Sunday Times 4597 (6 July) by Tim Moorey

Posted on Categories Weekend Cryptic
13:49 on the club timer for this one, so a pretty straightforward puzzle. There are some unfamiliar bits and pieces in here – a musical instrument, a fish, an unusual plural form, a word that’s escaped from Mephisto – but the wordplay is all very fair. All in all a gentle but enjoyable solve, just the thing for a Sunday morning.

1 Duck (present tense)
NOWT – NOW (present), T.
4 Picked up wretched mess around musical instrument
BASS FIDDLE – BASS sounds like (‘picked up’) ‘base’ (wretched), then to FIDDLE is to ‘mess around’. An informal term for the double bass.
9 Current politician’s broadcast causing damage
IMPAIR – I is the symbol for electric current in physics, often encountered in crosswords. MP is the politician, followed by AIR for broadcast. You need to read ‘politician’s’ as ‘politician has’ for the wordplay to work.
10 I’m European and I’m keeping quiet in a Middle Eastern country
IRISHMAN – SH (quiet, as an instruction) goes inside IM, and the resulting ISHM goes inside IRAN. The surface reading is smooth, if not necessarily entirely delightful.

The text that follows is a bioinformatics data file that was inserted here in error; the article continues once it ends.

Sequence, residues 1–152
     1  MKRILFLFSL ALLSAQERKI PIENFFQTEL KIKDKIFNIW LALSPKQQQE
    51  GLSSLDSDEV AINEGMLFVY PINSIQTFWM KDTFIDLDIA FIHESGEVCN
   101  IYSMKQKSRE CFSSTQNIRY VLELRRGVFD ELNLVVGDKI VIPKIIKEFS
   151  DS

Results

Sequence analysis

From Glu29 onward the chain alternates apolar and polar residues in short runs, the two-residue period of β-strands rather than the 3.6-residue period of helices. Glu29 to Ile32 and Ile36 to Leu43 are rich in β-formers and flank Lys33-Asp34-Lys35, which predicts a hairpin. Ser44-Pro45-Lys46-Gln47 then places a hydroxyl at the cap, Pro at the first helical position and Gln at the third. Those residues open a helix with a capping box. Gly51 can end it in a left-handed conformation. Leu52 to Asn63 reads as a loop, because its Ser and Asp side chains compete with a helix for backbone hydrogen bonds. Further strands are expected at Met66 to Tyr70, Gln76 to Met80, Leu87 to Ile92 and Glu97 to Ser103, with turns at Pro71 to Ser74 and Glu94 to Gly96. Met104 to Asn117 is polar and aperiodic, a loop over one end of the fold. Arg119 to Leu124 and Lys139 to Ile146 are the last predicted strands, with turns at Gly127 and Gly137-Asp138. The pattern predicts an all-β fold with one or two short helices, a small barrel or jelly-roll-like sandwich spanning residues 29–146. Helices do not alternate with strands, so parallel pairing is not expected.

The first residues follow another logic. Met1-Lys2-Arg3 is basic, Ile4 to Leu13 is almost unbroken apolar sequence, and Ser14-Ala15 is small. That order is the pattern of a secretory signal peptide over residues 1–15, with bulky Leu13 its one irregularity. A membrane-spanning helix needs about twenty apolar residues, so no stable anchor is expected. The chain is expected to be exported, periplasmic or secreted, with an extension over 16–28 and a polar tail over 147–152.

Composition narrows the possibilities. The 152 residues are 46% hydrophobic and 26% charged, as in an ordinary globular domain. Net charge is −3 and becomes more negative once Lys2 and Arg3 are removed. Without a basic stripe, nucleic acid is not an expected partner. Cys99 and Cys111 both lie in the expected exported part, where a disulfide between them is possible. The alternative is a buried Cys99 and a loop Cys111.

11 Rod’s an idiot
DIPSTICK – DD. Is this a comment on one of Tim’s Sunday Times colleagues? I’m sure it isn’t.
13 Frustrated parent grabs female
DASHED – SHE inside DAD. As in hopes.
14 More than one issue coming from temporarily unavailable vaults
OFFSPRINGS – OFF (as in ‘the carbonara is off today, would you like another type of pasta?’), SPRINGS. The plural of ‘offspring’ is usually ‘offspring’ but this alternative is supported by some dictionaries (if not the usual suspects) and even used occasionally.
16 Cockney makes hot food
EATS – or how a Cockney says ‘heats’, cor blimey Mary Poppins.
17 Standard boxes right for salmon
PARR – R (right) in PAR (standard). A PARR is a young salmon who was married to Henry VIII, often encountered in Crosswordland.
18 Without a job in large show
EXPOSITION – or EX-POSITION. Often shortened to ‘expo’.
20 By the sound of it, comparatively large kitchen instrument
GRATER – Sounds like ‘greater’. The surface is trying to disguise this as a clue about an orchestra, but the disguise is quite easy to see through. If you don’t know that the ‘kitchen’ is the percussion section you won’t even see the disguise.
21 One US state, say, in a state!
AFLUTTER – A, FL (Florida), UTTER. I suppose the exclamation mark is signalling a slightly whimsical definition.
23 It’s fresh down by the Hampshire coast